Méid an Téacs

Children with two languages excel at school

Aibreán 18, 2017

Children who are brought up speaking two or more languages outperform their peers in English and maths by the age of seven, research has found.

Data on 19,000 British children in the Millennium Cohort Study found that those who spoke more than one language at home lagged behind at school at ages three, four and five. However, they then powered ahead, leaving behind those who spoke only English.

The findings suggest that teachers and the government should encourage parents to use their native tongue at home. The research was conducted by Anita Staneva at the University of Sydney and will be presented today at the annual conference of the Royal Economics Society in Bristol.

It suggests a wider benefit to children of speaking a foreign language, Dr Staneva said, adding that parents often think those children are at a disadvantage because one or both of their parents are non native speakers and so compensate by doing extra work with them.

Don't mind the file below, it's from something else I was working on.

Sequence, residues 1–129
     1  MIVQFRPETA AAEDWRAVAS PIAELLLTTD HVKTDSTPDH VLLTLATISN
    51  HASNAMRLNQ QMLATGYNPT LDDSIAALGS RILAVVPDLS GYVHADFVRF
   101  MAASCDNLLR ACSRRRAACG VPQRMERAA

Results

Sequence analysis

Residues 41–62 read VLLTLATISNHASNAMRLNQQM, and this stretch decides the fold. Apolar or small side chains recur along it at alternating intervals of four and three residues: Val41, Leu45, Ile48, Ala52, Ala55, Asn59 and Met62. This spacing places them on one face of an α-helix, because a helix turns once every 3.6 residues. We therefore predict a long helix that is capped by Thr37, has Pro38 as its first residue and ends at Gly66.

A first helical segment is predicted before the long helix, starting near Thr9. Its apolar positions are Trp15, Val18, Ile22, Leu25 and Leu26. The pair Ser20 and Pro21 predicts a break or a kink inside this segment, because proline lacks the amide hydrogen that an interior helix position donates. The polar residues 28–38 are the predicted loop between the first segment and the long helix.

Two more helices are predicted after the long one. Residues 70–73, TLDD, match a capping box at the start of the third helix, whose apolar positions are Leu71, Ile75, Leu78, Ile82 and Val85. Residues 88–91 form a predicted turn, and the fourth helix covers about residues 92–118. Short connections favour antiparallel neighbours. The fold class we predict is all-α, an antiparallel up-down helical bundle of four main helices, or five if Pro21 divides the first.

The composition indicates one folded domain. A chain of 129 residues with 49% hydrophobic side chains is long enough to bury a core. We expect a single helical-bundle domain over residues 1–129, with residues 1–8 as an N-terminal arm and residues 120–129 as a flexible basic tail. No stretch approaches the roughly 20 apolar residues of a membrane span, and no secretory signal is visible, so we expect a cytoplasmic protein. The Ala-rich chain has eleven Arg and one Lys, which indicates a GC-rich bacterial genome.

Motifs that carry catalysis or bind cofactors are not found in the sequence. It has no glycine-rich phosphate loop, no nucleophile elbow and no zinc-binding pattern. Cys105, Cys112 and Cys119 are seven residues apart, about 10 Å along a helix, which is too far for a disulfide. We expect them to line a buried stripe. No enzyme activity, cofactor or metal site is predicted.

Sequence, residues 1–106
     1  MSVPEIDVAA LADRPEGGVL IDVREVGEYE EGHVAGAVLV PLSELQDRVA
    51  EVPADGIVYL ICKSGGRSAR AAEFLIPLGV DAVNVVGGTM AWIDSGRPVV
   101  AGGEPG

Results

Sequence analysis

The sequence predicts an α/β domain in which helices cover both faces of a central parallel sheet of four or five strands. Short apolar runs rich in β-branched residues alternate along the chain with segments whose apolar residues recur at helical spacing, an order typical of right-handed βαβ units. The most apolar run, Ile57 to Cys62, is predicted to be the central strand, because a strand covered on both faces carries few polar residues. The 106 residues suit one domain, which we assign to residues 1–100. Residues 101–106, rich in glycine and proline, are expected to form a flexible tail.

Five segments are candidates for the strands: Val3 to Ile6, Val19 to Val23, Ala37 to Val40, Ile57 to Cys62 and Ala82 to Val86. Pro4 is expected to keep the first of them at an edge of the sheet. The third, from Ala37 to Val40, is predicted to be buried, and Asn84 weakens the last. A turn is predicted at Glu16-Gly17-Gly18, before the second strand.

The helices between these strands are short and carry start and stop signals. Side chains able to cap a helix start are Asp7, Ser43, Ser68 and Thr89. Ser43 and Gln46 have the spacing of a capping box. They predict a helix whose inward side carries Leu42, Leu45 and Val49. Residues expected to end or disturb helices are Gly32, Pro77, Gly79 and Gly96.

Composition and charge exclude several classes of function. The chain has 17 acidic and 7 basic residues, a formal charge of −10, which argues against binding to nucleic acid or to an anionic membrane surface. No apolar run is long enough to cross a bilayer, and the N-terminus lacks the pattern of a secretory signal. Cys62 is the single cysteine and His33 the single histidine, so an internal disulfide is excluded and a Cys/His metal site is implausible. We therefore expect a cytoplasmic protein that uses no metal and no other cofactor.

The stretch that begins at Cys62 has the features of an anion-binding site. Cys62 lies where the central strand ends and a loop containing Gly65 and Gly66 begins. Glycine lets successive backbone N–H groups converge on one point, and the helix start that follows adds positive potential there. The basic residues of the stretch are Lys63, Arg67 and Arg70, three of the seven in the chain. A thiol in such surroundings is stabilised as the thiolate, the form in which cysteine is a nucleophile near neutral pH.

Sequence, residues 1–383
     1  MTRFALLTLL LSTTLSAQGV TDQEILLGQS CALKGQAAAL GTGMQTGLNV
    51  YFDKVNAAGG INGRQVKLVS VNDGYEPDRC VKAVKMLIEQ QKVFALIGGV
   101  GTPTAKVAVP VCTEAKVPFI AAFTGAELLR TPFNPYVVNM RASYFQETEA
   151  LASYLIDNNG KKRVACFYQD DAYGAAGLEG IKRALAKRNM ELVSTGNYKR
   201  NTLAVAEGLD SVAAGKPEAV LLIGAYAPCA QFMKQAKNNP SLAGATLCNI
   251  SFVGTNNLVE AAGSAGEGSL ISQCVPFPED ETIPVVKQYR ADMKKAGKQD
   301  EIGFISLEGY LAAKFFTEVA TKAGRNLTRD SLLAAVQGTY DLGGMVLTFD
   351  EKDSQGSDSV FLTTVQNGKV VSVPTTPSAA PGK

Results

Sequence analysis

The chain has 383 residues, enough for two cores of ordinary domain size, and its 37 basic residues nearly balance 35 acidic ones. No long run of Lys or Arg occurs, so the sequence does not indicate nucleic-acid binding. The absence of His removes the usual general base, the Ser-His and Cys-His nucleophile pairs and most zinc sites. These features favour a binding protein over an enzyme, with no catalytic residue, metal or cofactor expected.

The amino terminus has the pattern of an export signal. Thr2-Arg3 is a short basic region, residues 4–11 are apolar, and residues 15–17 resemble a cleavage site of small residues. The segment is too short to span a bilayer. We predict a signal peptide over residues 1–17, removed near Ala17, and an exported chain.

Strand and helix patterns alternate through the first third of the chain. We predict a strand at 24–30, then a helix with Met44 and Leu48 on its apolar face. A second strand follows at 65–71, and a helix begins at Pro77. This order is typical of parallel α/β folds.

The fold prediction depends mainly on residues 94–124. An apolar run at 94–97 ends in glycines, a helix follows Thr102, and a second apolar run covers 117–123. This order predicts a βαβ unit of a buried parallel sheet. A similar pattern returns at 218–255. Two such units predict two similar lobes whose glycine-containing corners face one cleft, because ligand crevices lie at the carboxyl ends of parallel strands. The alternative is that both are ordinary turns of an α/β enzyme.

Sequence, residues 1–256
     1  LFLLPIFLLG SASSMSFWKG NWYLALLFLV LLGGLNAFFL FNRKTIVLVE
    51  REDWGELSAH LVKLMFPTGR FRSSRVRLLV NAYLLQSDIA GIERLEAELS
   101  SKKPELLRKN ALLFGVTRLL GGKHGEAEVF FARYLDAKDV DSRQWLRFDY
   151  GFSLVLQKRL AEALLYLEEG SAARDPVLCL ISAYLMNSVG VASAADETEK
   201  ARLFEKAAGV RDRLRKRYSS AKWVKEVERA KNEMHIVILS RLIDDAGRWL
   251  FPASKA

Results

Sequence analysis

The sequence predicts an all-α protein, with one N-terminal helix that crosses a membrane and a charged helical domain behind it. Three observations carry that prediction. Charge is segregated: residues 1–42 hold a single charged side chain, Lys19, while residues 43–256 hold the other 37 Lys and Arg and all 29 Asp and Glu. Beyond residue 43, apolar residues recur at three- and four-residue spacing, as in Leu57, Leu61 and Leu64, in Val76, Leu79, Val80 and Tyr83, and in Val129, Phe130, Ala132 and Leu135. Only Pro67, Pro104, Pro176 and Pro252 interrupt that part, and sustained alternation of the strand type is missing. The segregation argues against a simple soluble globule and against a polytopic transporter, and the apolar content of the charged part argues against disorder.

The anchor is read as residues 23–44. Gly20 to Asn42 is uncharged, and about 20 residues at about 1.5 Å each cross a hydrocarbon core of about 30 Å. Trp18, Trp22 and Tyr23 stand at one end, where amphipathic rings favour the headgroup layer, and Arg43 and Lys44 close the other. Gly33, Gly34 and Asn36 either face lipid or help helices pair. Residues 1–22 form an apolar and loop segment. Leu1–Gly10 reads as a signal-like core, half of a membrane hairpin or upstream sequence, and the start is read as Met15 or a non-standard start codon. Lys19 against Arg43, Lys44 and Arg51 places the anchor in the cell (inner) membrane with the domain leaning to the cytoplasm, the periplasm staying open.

Other research has shown speaking two difference languages from an early age actually helps shape the brain. Technological advances have allowed researchers to investigate how bilingualism interacts with the neurological system. It has emerged that in order to maintain the balance between two languages, a bilingual child relies heavily on “executive function”, the control room which organises the rest of the brain.

This constant practice strengthens the control mechanisms which lead to better learning capabilities, problem solving, memory and other skills later on.

One study found the “executive function” was more developed among children from bilingual homes even from the time when they are babies, simply because of listening to two different languages.

Foinse: The Times